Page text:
HartRAO Home > news > New Karoo Array Telescope 2006/05/10
Together with Australia, China and Argentina, South Africa is on the shortlist to host the world's largest radio telescope, the Square Kilometre Array, or (SKA). "Competition in this bid is tough, as the winning country will attract a billion euro investment and one of the most ambitious science projects ever" says Dr Bernie Fanaroff, South Africa's SKA Project Manager. "The winner in the SKA bid will only be known by 2008, but in the mean time we are planning to build the Karoo Array Telescope, or KAT, in the same region where we hope to site the core of the SKA."
The KAT will have about 1% of the SKA's receiving capacity, but it will still be a powerful radio telescope in its own right. It will also prove that South Africa is committed and ready to host the SKA. Alongside the new Southern African Large Telescope (SALT), KAT will further boost South Africa's profile as a premier astronomy destination. "Our government recognizes the power of astronomy as a tool to put South African science on the world stage and to boost development within the country" Dr Fanaroff adds.
A radio telescope has to be as far away as possible from man-made sources of radio waves. For months the SKA team worked closely with the Independent Communications Authority of South Africa (ICASA) to measure radio frequency interference (RFI) levels in some of the most remote parts of South Africa as part of the process to find the best place to build the telescope. They have identified three sites in a radio quiet valley in the Karoo, where surrounding mountains provide extra shielding against radio waves from remote metropolitan areas. They will select the final site after even more RFI results and infrastructure costs have been compared.
According to Dr Fanaroff, KAT must perform first light experiments by the end of 2009. "To achieve this, we have to move the first dishes for the full KAT array, about 20 dishes of 15 m diameter each, onto site by May 2008" he says. "By then the basic infrastructure, such as roads, electricity, water and sewage must also be in place." The KAT team and other contractors around the country are working towards these deadlines. While some are developing the sophisticated software and digital signal processing hardware and firmware, others are doing research to develop state-of-the-art receiver and feed systems, designing the dishes or refining the work on the selection on the physical site. The KAT software will evolve through a series of prototypes, starting with the Production Equivalent Demonstrator (PED) to be tested at the South African Astronomical Observatory (SAAO) in Cape Town.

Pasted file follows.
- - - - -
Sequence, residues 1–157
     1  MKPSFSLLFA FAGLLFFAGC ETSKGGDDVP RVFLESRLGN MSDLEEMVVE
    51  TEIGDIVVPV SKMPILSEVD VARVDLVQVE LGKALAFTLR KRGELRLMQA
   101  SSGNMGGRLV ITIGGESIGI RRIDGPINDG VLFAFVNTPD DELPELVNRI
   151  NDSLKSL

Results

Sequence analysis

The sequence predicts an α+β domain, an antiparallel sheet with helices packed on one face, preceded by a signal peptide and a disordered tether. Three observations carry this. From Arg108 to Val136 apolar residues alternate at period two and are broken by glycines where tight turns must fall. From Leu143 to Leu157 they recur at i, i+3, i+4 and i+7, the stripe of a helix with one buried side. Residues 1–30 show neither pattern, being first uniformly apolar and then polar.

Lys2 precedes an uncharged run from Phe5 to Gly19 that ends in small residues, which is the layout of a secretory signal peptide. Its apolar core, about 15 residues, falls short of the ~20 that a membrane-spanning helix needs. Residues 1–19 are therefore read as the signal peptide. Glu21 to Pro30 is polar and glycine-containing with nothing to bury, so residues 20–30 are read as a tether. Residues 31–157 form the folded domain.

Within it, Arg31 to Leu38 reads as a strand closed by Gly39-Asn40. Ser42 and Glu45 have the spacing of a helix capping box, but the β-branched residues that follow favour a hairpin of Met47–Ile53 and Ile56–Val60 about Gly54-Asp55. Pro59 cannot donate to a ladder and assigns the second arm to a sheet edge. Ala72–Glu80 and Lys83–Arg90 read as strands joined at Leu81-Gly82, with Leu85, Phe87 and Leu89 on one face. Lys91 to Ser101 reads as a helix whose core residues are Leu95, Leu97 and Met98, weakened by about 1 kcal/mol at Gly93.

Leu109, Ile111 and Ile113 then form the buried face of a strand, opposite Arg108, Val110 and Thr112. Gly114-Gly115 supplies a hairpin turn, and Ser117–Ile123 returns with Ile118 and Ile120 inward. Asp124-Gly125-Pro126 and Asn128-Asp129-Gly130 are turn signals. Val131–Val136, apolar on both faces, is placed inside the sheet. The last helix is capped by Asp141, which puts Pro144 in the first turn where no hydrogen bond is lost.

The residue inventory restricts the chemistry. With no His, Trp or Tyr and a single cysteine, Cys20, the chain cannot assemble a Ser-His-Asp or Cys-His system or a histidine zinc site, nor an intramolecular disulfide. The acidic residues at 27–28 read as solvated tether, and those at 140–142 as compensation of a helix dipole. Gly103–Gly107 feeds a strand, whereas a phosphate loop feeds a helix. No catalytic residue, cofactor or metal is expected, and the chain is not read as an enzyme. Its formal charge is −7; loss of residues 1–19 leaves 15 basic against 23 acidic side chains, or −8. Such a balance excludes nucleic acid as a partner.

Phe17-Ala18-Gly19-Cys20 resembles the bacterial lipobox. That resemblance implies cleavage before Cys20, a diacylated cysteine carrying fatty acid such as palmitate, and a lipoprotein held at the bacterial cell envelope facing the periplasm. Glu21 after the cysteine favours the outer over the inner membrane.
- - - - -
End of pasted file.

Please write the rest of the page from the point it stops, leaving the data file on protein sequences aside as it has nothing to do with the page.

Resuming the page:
A single 15 m prototype dish to test feeds, signal processing equipment and software will be built by IST Dynamics (Pty) Ltd at the Hartebeesthoek Radio Astronomy Observatory (HartRAO). "This dish will not only be the test bed for all KAT components, but it will also strengthen our industry's capacity to design and construct large dishes, says Anita Loots, KAT Project Manager. "This will make it possible for South African industry to compete for contracts on SKA." The KAT prototype has to be ready by mid 2007.
According to Kim de Boer at the SKA project office in Johannesburg, there will be many opportunities for postgraduate students to get involved in the KAT project. "KAT will be commissioned in phases and along the way we expect many exciting research opportunities to open up" she says.
The KAT team is working closely with radio astronomy teams in Australia, the UK, Netherlands and the USA. "Our collaboration with international partners will greatly reduce the cost and risks of building KAT" says Dr Fanaroff.
KAT enjoys the support of several local research organizations and government departments, but the team is also working hard on finding more funding partners to make KAT a truly world class instrument. The project operates under the auspices of the Department of Science and Technology. Key contacts: